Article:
GREENMAN v. ROGERS

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District Court of Appeal, Second District, Division 3, California.

GREENMAN et al. v. ROGERS et al.

Civ. 19510.

Decided: December 15, 1953

Parker, Stanbury, Reese & McGee and Raymond G. Stanbury, Los Angeles, for appellants. Joseph Lewis, Palo Alto, for respondents.

Appeal by defendants from an order granting a new trial in an action for damages for personal injuries.

The cause was tried by a jury with the verdict for defendants. The order granted a new trial to ‘Martin Greenman as Guardian Ad Litem of Benita Greenman only.’ It did not specify that the motion was granted on the ground of the insufficiency of the evidence to sustain the verdict, or the ground on which it was granted.

Since the order did not specify that the motion was granted on the ground of the insufficiency of the evidence to sustain the verdict, it is conclusively presumed it was not granted on that ground. Code Civ.Proc. § 657; Roth V. Marston, 110 Cal.App.2d 249, 257, 242 P.2d 375. It is the duty of the court on an appeal from an order granting a new trial which is not grounded on the insufficiency of the evidence to sustain the verdict, to consider the entire record on which the order was based to discover whether there was any error which would have justified the trial court in making the order. Renfer v. Skaggs, 96 Cal.App.2d 380, 385, 215 P.2d 487. If the order is not sustainable on some ground other than the insufficiency of the evidence to sustain the verdict, it must be reversed.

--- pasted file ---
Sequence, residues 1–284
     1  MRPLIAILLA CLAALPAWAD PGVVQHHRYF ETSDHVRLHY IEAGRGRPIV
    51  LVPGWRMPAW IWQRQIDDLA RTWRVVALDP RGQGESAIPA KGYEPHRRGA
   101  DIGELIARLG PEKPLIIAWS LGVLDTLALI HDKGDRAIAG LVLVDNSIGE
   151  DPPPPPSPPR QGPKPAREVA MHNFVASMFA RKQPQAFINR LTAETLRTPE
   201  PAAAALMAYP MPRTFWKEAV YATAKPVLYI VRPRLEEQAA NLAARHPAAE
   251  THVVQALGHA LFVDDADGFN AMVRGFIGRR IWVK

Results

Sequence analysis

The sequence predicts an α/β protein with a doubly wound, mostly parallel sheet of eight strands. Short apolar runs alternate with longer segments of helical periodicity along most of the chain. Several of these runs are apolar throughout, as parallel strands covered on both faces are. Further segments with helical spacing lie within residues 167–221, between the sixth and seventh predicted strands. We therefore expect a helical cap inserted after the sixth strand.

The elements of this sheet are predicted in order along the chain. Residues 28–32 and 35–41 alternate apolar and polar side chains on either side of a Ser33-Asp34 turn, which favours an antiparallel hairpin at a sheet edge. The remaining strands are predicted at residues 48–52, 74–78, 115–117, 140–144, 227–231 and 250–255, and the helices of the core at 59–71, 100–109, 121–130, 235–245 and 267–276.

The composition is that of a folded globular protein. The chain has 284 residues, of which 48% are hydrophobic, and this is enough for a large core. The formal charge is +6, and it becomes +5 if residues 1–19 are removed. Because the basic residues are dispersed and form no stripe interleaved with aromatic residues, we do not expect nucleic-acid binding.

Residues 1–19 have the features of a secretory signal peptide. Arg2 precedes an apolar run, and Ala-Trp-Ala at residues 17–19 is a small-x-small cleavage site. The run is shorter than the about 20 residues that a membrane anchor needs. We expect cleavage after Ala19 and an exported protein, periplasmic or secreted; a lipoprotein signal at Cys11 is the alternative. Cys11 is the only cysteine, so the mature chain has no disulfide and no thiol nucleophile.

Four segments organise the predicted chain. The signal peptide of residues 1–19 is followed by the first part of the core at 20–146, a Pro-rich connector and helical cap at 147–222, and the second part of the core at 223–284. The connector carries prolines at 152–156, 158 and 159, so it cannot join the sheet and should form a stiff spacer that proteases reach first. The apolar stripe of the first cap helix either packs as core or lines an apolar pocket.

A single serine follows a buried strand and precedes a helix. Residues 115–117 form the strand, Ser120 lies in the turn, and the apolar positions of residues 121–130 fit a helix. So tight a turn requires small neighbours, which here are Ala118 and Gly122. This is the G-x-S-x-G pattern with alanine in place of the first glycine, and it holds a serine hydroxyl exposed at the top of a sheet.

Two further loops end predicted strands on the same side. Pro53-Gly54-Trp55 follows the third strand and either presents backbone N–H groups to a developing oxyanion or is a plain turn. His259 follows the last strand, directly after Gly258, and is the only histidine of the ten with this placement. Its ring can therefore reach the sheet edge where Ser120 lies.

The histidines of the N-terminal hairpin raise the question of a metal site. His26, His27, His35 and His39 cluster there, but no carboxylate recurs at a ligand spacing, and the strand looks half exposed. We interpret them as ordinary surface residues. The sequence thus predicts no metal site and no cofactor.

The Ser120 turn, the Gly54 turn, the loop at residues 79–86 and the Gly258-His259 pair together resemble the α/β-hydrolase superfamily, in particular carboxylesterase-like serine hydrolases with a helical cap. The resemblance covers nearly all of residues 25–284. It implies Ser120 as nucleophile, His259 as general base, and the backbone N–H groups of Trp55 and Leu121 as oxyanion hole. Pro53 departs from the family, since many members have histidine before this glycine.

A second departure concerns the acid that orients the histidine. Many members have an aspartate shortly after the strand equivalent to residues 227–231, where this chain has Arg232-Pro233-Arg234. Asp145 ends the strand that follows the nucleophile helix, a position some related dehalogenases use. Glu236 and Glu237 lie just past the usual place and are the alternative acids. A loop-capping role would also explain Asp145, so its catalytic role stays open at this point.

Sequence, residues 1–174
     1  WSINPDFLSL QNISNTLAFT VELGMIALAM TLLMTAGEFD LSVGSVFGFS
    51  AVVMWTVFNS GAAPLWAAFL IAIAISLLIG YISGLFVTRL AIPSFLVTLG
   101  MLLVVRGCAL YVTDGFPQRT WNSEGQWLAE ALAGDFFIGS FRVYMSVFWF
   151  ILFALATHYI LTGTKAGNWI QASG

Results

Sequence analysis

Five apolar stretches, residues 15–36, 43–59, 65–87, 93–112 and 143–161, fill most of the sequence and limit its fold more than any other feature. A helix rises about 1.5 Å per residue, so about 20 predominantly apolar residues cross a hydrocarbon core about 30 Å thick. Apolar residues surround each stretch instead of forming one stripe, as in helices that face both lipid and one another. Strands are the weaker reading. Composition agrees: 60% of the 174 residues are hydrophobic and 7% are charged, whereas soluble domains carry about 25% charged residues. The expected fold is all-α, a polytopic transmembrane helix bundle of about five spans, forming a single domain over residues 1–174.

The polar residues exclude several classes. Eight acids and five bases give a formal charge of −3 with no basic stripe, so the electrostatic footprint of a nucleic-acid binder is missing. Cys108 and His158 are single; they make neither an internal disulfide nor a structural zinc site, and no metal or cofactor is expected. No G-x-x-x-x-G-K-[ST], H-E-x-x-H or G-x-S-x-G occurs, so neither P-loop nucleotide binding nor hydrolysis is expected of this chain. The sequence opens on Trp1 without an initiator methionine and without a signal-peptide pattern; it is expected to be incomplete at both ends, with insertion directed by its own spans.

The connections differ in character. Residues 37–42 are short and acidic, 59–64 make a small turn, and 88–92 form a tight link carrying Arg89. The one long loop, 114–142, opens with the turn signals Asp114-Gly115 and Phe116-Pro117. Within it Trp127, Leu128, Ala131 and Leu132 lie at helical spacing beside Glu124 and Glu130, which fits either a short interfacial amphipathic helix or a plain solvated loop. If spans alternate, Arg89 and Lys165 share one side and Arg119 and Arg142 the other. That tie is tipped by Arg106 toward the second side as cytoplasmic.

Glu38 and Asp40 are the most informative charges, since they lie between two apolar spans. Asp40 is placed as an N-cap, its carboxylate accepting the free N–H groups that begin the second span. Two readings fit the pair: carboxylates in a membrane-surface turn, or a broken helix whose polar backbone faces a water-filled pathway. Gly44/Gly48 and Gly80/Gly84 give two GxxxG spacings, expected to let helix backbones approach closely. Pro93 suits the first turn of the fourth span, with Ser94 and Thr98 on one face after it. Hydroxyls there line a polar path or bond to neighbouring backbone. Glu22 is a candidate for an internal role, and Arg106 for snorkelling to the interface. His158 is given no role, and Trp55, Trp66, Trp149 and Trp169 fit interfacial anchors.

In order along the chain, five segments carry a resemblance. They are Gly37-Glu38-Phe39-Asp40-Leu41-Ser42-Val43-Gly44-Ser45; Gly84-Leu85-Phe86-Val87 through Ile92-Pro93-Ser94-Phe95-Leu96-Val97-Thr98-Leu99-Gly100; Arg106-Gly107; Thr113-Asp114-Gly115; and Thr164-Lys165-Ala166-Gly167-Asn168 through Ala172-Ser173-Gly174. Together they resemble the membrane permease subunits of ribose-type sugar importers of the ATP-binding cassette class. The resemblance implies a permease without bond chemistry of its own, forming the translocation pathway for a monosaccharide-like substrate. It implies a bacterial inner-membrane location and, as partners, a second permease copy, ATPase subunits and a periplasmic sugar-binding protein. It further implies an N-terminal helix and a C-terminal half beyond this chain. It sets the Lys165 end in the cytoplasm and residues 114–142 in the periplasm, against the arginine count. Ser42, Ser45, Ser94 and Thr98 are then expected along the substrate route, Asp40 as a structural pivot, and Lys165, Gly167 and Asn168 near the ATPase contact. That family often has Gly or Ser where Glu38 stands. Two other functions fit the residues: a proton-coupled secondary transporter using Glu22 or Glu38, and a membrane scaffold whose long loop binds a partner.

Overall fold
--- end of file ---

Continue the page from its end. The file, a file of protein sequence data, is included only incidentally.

The accident was a collision between two automobiles in a street intersection. Respondent argues the sufficiency of the evidence only—that the intersection was blind, respondent's car entered first, appellant driver did not see respondent's car until it was about 10 feet from his car, and appellant driver was guilty of negligence per se as a matter of law. Respondent does not suggest that the order was made for any cause other than insufficiency of the evidence to sustain the verdict. We have examined the record to discover whether there was any error which would have justified the court in making the order and have found none.

As we have noted, the order granted a new trial to ‘Martin Greenman as Guardian Ad Litem of Benita Greenman only.’ Appellants urge that the order fails to grant a new trial to anyone. It is unnecessary to decide the point. Since the order did not specify that the motion was granted on the ground of the insufficiency of the evidence to sustain the verdict, and since there was no error which would justify the granting of a new trial, the order must be reversed irrespective of this question.

The order is reversed.

VALLÉE, Justice.

SHINN, P. J., and WOOD, J., concur.

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